March 25, 2013 | 245,414 views

By Dr. Mercola

tomatoesTomatoes, which are actually a fruit and not a vegetable, contain a number of valuable nutrients, and according to recent research, organically-grown tomatoes are even more nutritious than their conventionally-grown counterparts.

One of the most well-known nutrients in tomatoes is lycopene — the compound that gives tomato its deep red color.

Lycopene is a vital anti-oxidant that has been shown to have potent anti-cancerous activity. This compound is not naturally produced in your body, so it must be supplied via your diet.

Other fruits and vegetables also contain lycopene, but none has the high concentration of lycopene that the tomato boasts.

Interestingly, when cooked, the bioavailability of lycopene increases rather than decreases, as is the case with many other raw foods, as heat has a tendency to destroy valuable nutrients.

That said, you’re best off avoiding canned tomatoes and tomato sauces as can liners tend to contain potent estrogen mimics such as bisphenol A (BPA), which is also a toxic endocrine disrupting chemical. Your best bet is to make your own organic tomato sauce from scratch, or buy organic sauce sold in glass jars.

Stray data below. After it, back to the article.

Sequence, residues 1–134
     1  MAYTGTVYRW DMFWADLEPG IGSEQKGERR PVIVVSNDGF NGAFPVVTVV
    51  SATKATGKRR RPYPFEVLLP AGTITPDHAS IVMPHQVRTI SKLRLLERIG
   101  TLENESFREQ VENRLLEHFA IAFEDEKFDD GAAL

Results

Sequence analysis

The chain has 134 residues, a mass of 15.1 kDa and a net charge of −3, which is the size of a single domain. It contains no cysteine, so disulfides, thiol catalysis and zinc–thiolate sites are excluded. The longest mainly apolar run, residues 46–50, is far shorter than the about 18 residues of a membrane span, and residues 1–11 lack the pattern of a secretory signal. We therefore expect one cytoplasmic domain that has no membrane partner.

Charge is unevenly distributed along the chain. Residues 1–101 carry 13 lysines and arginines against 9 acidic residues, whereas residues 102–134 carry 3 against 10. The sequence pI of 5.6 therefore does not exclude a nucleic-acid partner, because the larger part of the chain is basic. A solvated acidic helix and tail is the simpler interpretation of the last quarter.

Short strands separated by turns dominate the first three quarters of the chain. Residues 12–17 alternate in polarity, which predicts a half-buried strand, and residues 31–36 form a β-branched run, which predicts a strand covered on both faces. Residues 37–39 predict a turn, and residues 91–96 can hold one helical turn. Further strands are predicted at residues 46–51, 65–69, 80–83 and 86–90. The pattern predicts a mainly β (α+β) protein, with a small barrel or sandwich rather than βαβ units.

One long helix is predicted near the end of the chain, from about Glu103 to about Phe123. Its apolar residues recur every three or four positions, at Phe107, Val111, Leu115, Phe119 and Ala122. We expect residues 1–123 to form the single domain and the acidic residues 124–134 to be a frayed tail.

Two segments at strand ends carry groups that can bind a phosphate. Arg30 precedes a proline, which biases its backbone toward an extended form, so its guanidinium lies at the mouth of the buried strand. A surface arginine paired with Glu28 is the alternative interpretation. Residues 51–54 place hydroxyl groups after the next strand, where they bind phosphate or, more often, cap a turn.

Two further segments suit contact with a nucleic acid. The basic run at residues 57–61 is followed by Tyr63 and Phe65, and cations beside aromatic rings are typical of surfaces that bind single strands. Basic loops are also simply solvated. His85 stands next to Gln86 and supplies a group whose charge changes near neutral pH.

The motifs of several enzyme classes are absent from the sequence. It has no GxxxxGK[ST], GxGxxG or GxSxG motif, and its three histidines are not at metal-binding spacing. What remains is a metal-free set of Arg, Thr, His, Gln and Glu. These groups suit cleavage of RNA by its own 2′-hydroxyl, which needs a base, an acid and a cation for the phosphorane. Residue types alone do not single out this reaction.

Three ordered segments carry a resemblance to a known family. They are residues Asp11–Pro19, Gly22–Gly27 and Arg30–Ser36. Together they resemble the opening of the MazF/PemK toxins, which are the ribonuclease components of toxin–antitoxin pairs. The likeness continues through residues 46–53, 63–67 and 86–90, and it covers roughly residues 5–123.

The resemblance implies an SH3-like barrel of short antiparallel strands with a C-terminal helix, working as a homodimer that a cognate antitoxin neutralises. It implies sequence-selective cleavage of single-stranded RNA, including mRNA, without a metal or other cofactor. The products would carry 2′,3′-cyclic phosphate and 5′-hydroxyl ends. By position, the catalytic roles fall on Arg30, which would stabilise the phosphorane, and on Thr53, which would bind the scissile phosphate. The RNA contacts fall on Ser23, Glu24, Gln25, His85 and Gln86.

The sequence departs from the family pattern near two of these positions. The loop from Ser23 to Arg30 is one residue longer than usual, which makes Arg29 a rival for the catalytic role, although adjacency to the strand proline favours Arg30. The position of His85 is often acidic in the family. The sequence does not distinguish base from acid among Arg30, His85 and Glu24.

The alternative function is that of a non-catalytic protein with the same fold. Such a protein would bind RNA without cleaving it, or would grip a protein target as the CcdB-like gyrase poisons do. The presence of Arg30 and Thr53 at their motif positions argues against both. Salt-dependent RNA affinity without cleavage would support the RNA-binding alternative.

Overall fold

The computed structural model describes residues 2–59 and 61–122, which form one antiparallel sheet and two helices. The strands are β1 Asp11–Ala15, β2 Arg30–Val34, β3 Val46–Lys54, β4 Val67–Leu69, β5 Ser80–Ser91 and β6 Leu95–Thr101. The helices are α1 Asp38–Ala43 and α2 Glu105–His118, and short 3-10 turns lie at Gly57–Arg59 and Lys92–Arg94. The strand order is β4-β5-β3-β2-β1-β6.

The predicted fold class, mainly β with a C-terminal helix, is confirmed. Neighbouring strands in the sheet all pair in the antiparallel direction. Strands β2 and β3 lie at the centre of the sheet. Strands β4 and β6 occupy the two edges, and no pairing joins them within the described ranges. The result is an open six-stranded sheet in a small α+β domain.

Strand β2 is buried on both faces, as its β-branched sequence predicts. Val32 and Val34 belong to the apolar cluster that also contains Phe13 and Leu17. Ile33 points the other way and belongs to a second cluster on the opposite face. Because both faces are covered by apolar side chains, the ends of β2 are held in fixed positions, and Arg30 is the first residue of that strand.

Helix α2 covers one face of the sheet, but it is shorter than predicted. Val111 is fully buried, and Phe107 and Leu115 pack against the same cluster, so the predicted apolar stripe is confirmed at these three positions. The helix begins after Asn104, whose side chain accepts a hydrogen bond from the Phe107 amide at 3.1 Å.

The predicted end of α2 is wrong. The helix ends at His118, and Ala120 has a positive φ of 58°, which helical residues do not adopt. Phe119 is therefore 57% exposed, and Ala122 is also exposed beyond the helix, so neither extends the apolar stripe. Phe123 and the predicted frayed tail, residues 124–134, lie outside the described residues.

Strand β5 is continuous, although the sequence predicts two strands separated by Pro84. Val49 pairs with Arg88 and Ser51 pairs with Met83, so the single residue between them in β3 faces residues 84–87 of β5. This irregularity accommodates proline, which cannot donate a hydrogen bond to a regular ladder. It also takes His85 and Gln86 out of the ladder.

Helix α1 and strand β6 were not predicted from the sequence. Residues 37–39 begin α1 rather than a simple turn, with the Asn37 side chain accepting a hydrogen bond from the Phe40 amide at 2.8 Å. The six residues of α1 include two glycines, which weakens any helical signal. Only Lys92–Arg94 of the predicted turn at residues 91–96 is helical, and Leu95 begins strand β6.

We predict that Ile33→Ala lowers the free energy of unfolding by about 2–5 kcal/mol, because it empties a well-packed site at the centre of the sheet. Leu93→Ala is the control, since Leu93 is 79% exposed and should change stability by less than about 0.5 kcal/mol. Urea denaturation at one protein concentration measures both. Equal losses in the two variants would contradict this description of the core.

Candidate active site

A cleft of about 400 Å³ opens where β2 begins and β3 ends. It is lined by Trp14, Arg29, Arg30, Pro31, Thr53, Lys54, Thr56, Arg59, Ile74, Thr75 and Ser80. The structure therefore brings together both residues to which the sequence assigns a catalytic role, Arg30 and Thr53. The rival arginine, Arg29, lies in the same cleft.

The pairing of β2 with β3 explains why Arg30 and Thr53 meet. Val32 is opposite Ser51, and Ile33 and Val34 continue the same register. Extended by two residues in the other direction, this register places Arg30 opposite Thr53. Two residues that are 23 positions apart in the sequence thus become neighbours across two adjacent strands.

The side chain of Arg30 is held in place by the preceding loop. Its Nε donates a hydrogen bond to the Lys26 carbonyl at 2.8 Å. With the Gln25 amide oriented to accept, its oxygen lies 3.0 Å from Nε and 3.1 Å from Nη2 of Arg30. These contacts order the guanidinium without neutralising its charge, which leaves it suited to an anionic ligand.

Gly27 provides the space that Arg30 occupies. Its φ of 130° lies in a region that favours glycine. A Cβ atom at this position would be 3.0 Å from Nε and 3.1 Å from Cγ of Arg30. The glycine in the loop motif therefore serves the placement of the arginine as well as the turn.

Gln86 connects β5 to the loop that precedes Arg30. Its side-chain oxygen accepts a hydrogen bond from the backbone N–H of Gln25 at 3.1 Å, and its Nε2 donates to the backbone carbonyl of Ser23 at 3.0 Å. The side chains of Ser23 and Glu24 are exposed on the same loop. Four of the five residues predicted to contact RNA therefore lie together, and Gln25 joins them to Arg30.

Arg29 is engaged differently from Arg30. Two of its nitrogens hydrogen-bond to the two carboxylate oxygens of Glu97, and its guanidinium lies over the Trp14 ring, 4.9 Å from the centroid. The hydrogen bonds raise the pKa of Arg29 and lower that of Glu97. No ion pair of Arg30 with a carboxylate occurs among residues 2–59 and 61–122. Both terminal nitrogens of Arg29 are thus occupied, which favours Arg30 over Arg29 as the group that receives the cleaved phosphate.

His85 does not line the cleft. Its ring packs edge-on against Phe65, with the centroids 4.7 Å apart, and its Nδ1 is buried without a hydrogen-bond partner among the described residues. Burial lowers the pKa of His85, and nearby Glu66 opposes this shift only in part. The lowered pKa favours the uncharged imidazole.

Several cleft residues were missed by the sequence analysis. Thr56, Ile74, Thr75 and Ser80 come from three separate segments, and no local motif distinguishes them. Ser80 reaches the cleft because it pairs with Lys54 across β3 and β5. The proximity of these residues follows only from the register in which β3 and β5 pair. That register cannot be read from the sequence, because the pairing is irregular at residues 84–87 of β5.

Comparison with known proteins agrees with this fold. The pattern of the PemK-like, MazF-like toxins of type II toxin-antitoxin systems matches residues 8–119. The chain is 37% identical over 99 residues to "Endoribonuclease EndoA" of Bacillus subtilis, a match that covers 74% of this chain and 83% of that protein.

Organic Tomatoes have 139 Percent Higher Phenolic Content, Study Shows

It seems perfectly sensible that food grown in healthier soil with natural fertilizers and no synthetic agricultural chemicals would be more nutritious. This is common knowledge among farmers, yet this age-old, common sense wisdom is greatly suppressed in the United States in order to protect the large-scale industrial farming model.

According to a recent study published in the journal PLOS One,1 growing tomatoes according to organic standards results in dramatically elevated phenols content, compared to tomatoes grown conventionally, using agricultural chemicals.

The researchers compared total phenol content in organic and conventional tomatoes grown in nearby plots in Brazil. This allowed for a more accurate comparison of the tomatoes, as both varieties were grown in similar soil- and climate conditions that might otherwise affect nutrient content.

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